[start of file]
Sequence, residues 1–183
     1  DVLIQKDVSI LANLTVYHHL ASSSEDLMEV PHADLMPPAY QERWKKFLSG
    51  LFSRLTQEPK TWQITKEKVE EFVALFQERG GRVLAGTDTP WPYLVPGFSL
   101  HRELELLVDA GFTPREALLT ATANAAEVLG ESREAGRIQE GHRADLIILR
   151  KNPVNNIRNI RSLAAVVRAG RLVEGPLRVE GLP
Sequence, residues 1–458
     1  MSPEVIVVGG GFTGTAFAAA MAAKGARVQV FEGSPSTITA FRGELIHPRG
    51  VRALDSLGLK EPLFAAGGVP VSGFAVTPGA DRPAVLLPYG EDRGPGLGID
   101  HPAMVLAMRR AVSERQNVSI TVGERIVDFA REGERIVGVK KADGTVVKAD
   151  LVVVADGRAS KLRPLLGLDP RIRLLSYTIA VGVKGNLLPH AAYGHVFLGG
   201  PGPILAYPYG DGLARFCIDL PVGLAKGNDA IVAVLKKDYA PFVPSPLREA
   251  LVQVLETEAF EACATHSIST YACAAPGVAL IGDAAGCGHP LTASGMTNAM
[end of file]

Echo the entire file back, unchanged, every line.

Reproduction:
Sequence, residues 1–183
     1  DVLIQKDVSI LANLTVYHHL ASSSEDLMEV PHADLMPPAY QERWKKFLSG
    51  LFSRLTQEPK TWQITKEKVE EFVALFQERG GRVLAGTDTP WPYLVPGFSL
   101  HRELELLVDA GFTPREALLT ATANAAEVLG ESREAGRIQE GHRADLIILR
   151  KNPVNNIRNI RSLAAVVRAG RLVEGPLRVE GLP
Sequence, residues 1–458
     1  MSPEVIVVGG GFTGTAFAAA MAAKGARVQV FEGSPSTITA FRGELIHPRG
    51  VRALDSLGLK EPLFAAGGVP VSGFAVTPGA DRPAVLLPYG EDRGPGLGID
   101  HPAMVLAMRR AVSERQNVSI TVGERIVDFA REGERIVGVK KADGTVVKAD
   151  LVVVADGRAS KLRPLLGLDP RIRLLSYTIA VGVKGNLLPH AAYGHVFLGG
   201  PGPILAYPYG DGLARFCIDL PVGLAKGNDA IVAVLKKDYA PFVPSPLREA
   251  LVQVLETEAF EACATHSIST YACAAPGVAL IGDAAGCGHP LTASGMTNAM